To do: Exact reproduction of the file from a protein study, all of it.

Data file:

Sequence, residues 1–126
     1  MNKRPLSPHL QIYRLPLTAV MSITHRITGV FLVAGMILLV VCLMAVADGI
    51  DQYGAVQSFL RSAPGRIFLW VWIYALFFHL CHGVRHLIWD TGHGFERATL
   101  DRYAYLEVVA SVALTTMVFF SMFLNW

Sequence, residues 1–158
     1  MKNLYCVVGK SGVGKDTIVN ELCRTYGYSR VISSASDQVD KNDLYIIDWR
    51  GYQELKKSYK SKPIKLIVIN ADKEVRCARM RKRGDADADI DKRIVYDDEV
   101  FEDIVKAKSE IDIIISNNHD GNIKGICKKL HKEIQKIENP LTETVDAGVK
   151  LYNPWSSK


Sequence, residues 1–126
     1  MNKRPLSPHL QIYRLPLTAV MSITHRITGV FLVAGMILLV VCLMAVADGI
    51  DQYGAVQSFL RSAPGRIFLW VWIYALFFHL CHGVRHLIWD TGHGFERATL
   101  DRYAYLEVVA SVALTTMVFF SMFLNW

Sequence, residues 1–158
     1  MKNLYCVVGK SGVGKDTIVN ELCRTYGYSR VISSASDQVD KNDLYIIDWR
    51  GYQELKKSYK SKPIKLIVIN ADKEVRCARM RKRGDADADI DKRIVYDDEV
   101  FEDIVKAKSE IDIIISNNHD GNIKGICKKL HKEIQKIENP LTETVDAGVK
   151  LYNPWSSK